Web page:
Has anything changed in Iran a year after Mahsa Amini’s death?

Updated Sep 15, 2023, 1:24pm EDT
Newspapers, with a cover picture of Mahsa Amini, are seen in Tehran, Iran September 18, 2022.
Majid Asgaripour/WANA via REUTERS/File Photo
Middle East
J.D. Capelouto/

Saturday marks one year since Mahsa Amini, a 22-year-old Iranian woman, died while in the custody of Iran’s morality police. She was arrested for allegedly breaking the government’s strict hijab rule, and her death led to widespread opposition protests and an increased crackdown on dissent.

More protests are planned around the anniversary of Amini's death, and Iranians are expecting the country's ruling regime to clamp down on unrest, including checkpoints, internet disruptions, and arrests of activists and lawyers. Firuzeh Mahmoudi, who leads the U.S.-based nonprofit United for Iran, told Semafor that "people are passing out flyers everywhere" encouraging turnout at protests all over the country, though it remains to be seen how long the protests last, and how intense they get. "I'm sure we're going to see both inspiring takes and heartbreak on the streets."

One year later, many Iranian women continue to flout the country's dress code rules, and activists continue to make protest songs, even after the morality police returned in July to enforce the mandatory hijab rules.1 With most of its population under 30 years old, Iran will continue to see a "persistent rejection" of the existing establishment, but any move toward change will be "far from smooth" given the regime's attempts to suppress dissent, the Atlantic Council's Masoud Mostajabi said.2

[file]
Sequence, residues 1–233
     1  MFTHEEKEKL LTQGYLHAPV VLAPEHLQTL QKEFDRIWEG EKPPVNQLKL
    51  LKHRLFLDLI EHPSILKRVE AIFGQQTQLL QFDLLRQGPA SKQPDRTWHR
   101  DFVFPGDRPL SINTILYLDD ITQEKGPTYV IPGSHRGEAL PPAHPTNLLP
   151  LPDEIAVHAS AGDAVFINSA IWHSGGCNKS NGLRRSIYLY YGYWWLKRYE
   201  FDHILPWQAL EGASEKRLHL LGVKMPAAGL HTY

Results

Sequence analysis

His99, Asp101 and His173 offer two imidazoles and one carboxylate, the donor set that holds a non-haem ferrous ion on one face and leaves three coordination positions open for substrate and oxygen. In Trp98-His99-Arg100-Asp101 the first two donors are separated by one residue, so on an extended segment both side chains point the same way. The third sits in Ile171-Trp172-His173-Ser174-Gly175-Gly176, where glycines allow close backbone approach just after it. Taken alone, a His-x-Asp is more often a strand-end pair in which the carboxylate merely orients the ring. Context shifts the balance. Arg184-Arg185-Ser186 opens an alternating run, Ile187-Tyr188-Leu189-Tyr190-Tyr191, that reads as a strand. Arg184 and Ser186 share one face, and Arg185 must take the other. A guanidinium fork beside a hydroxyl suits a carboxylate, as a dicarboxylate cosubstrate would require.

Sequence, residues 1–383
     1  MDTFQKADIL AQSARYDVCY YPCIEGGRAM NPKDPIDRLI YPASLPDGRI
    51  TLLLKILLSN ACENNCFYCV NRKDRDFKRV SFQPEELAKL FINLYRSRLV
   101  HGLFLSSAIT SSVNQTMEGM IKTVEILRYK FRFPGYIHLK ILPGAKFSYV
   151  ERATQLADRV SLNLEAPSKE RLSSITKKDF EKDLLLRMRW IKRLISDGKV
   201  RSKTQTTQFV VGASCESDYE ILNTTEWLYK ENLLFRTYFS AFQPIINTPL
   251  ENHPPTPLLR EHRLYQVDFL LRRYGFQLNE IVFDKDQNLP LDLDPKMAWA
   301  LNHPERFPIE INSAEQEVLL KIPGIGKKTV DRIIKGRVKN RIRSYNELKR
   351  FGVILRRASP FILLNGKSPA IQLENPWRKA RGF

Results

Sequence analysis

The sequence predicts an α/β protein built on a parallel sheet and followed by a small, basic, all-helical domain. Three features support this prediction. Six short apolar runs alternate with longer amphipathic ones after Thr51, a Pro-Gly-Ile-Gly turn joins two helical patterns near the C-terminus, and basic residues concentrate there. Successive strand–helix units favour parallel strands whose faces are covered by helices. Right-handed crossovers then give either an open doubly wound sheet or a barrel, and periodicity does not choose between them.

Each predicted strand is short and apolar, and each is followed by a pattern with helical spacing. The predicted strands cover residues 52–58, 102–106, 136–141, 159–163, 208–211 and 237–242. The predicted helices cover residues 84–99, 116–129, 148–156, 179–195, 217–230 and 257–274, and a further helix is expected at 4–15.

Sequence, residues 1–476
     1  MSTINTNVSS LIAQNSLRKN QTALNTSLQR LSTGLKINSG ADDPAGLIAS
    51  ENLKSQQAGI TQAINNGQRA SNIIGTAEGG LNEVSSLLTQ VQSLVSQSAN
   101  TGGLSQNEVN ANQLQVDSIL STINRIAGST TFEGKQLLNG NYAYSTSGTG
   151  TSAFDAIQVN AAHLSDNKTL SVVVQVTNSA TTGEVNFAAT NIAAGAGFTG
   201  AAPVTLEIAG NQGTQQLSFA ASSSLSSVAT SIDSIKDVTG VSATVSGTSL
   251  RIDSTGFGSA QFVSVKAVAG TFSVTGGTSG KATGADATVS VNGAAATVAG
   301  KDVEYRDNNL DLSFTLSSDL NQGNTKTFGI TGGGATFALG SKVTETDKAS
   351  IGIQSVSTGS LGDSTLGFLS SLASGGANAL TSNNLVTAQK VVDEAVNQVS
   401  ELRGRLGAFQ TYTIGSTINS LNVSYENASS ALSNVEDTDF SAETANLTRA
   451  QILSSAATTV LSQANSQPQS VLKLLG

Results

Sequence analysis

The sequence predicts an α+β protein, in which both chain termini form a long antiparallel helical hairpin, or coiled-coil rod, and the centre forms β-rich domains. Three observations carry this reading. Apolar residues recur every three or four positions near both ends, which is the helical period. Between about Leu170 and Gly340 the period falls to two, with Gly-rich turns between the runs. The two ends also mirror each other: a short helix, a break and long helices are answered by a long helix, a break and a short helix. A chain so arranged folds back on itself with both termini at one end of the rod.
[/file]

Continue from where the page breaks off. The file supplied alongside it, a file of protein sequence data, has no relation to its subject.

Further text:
One Iranian woman who doesn't wear her head scarf in public wrote that she's anxious leading up to the anniversary and feels "alone" on the streets. "We are far from finished," she wrote, remarking that shops have been told to close early this week so protesters don't take refuge in them.3 Another protester wrote: "We will never put back on the headscarves we burnt. We will keep fighting for all the dreams they took from us."4

The governments of the U.K., U.S., Canada, and Australia announced a new wave of coordinated sanctions against Iran and several officials on Friday, to mark Amini's death. The head of a human rights group recently said that the international community "must remain extraordinarily vigilant, warning the Iranian authorities of intense political and economic consequences at the first sign of state violence."5 Meanwhile, the U.S. took steps this week to execute a prisoner swap with Iran that involves the U.S. unlocking $6 billion in frozen Iranian funds.6